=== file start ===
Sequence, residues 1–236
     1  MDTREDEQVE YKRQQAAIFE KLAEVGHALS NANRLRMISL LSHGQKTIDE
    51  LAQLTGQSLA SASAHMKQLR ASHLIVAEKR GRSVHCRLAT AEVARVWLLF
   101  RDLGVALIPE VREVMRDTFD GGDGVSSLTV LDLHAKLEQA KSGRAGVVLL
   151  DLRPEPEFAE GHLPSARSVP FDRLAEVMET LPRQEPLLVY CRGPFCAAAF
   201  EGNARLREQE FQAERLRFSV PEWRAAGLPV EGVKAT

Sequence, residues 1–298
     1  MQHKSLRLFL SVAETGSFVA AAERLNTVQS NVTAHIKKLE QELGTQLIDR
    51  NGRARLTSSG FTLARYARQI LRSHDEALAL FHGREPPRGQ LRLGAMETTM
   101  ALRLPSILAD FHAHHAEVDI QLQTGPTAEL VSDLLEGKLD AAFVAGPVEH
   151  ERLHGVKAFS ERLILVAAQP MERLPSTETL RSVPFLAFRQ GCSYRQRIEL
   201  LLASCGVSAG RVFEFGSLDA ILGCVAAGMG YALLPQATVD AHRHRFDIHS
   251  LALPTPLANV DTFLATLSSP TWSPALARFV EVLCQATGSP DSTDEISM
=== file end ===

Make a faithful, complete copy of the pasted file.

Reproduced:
Sequence, residues 1–236
     1  MDTREDEQVE YKRQQAAIFE KLAEVGHALS NANRLRMISL LSHGQKTIDE
    51  LAQLTGQSLA SASAHMKQLR ASHLIVAEKR GRSVHCRLAT AEVARVWLLF
   101  RDLGVALIPE VREVMRDTFD GGDGVSSLTV LDLHAKLEQA KSGRAGVVLL
   151  DLRPEPEFAE GHLPSARSVP FDRLAEVMET LPRQEPLLVY CRGPFCAAAF
   201  EGNARLREQE FQAERLRFSV PEWRAAGLPV EGVKAT

Sequence, residues 1–298
     1  MQHKSLRLFL SVAETGSFVA AAERLNTVQS NVTAHIKKLE QELGTQLIDR
    51  NGRARLTSSG FTLARYARQI LRSHDEALAL FHGREPPRGQ LRLGAMETTM
   101  ALRLPSILAD FHAHHAEVDI QLQTGPTAEL VSDLLEGKLD AAFVAGPVEH
   151  ERLHGVKAFS ERLILVAAQP MERLPSTETL RSVPFLAFRQ GCSYRQRIEL
   201  LLASCGVSAG RVFEFGSLDA ILGCVAAGMG YALLPQATVD AHRHRFDIHS
   251  LALPTPLANV DTFLATLSSP TWSPALARFV EVLCQATGSP DSTDEISM